New Offerings From Netscape and Microsoft
- By Patrick Marshall
- Oct 31, 1997
Government agencies looking to standardize on a common browser have two primary platforms from which to choose: Microsoft Corp.'s Internet Explorer or Netscape Communications Corp.'s Communicator. Both packages recently were upgraded and are packed with new features. We studied the latest versions to find which one is best, and our results may surprise you. The battle between the browsers is heating up again. Netscape unveiled a new version of its Communicator in August, while Microsoft announced Internet Explorer 4.0 Sept. 30. Both have added so many features that they've virtually eliminated other competitors. But Microsoft and Netscape have taken different approaches, which leaves state and local buyers with some pointed decisions to make.
Microsoft has taken an aggressive position, pushing new technologies such as ActiveX and extensions to Dynamic HTML (DHTML), both of which the firm hopes will become standards. Microsoft also has tightly integrated its browser with its Windows 95 and Windows NT operating systems. The lure of Internet Explorer is that it is free. And there's no question IE4 represents an incredible value for those committed to Windows.
Netscape, by contrast, comes at a price: $35 for the standard version and $41 for the professional version. Depending on your agency's needs, however, Communicator may well be worth this small investment. Netscape offers relatively strict adherence to standards and broad platform support, which are important issues for agencies with large numbers of users and heterogeneous networks. Netscape users-including Web page designers-don't have to worry about compatibility. (Unless, of course, Web sites adopt the Microsoft-backed technologies not supported by Netscape.) If your office has older equipment or diverse platforms, such as Macintosh or Unix systems, Netscape is the natural choice and may even save you money. Communicator's broad platform support means you won't have to convert existing workstations to Windows 95 or NT. Nor will you have to upgrade 486s so they can run Windows 95 and IE4 with optimal performance.IE4's free distribution and tight operating-system integration make it attractive for Windows 95 or NT users. However, agencies and other large organizations should take a closer look to determine which product offers the most value in a mixed-platform environment. That examination should encompass not only the browser and accessories but also the administration kits.
After all, rolling out Internet services to dozens or hundreds of users can be a costly effort. What's more, given that Web browsers represent a potential conduit for bringing viruses and misbehaving applets into the organization, security controls are important.
The test plan for our comparison of Internet Explorer 4.0 and Communicator 4.02 was designed with state and local agency needs in mind. Accordingly, we've placed a premium on broad platform support and adherence to standards. Therefore, it's no surprise that Net-scape Communicator emerges as our winner, scoring barely ahead of Microsoft with a 6.90 vs. a 6.80 for IE4 on our scale from 1 to 10. However, this is an advantage that Netscape can't count on holding for long because Microsoft has promised broader platform support soon. Apart from limited platform support, IE4 is impressive. Its browser is easier to use and more fun for the end user than the Netscape product. Administrators also will find the Internet Explorer Administration Kit (IEAK) to be very capable and easier to use than Netscape's Mission Control. IE4 is blazing new trails, and its price is unbeatable, especially if your shop is all-Windows.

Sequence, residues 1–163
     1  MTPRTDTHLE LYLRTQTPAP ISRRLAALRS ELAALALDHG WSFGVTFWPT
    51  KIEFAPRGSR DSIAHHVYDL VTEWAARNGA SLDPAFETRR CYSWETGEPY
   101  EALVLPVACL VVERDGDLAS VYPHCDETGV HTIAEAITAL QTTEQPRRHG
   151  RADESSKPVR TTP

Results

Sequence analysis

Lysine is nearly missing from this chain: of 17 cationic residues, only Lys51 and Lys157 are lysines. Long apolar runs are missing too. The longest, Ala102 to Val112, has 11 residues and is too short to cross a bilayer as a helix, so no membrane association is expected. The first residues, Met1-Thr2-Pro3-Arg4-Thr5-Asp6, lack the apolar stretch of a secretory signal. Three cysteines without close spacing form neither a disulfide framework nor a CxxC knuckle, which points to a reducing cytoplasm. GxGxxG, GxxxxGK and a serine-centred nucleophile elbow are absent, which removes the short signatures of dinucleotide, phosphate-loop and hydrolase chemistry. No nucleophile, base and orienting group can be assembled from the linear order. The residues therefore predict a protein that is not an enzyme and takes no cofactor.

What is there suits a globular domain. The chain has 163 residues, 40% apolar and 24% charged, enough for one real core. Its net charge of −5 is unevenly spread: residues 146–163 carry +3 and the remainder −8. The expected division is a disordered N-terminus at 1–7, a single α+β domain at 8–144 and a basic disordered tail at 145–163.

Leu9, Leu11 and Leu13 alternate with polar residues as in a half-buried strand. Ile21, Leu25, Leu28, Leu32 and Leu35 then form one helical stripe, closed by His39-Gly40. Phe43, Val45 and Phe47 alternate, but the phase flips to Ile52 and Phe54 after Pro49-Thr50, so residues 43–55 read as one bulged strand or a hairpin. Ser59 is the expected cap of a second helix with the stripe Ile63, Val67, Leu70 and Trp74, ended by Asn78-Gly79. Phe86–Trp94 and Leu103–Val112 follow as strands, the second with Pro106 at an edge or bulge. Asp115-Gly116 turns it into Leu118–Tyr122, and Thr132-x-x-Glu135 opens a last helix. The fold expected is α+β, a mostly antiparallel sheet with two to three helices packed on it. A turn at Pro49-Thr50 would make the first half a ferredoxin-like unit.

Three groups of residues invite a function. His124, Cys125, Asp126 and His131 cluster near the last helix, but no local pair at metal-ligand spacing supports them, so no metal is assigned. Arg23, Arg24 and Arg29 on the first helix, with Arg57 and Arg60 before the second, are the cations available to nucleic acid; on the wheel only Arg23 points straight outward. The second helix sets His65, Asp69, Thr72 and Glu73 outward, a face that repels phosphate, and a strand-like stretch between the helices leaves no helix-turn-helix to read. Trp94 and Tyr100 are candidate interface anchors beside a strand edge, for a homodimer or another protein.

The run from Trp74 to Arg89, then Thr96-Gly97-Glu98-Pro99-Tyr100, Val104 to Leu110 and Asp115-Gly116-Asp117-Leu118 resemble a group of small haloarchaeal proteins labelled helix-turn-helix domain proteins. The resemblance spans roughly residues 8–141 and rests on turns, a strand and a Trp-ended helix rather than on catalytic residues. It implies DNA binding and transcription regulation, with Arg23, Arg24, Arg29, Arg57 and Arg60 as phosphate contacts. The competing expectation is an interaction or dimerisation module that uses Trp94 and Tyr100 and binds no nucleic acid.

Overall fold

-- Patrick Marshall is a senior technical analyst with the FCW Test Center. He can be reached at [email protected]
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Microsoft Corp.'s Internet Explorer 4.0, available free to government customers. Score: 6.80
Netscape Communications Corp.'s Communicator Professional 4.02, available on various state contracts from Netscape or commercially through resellers. Score: 6.90
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Communicator may not startle users with glitzy new features to the extent IE4 does, but it is a pillar of reliability in this fast-changing Web world. What's more, Communicator 4.02 - which includes a new version of the Navigator browser, an e-mail client, a newsgroup client, a Hypertext Markup Language (HTML) publisher and a conferencing utility - provides many new ease-of-use features and functionality.
You'll know right away upon boot-up that you're in a friendlier Navigator. New 3-D animated icons make the toolbars more attractive and more intuitive to use. We especially liked the new navigation arrows: Click and hold on one, and a list of backward or forward destinations pops up. You then can go directly to the page you want.
The new Bookmarks utility, with drag-and-drop editing of your favorite sites, is also helpful, as is the new ability to simply drag an address in the Uniform Resource Locator (URL) bar to the desktop or to the Personal Toolbar to create a quick-link button.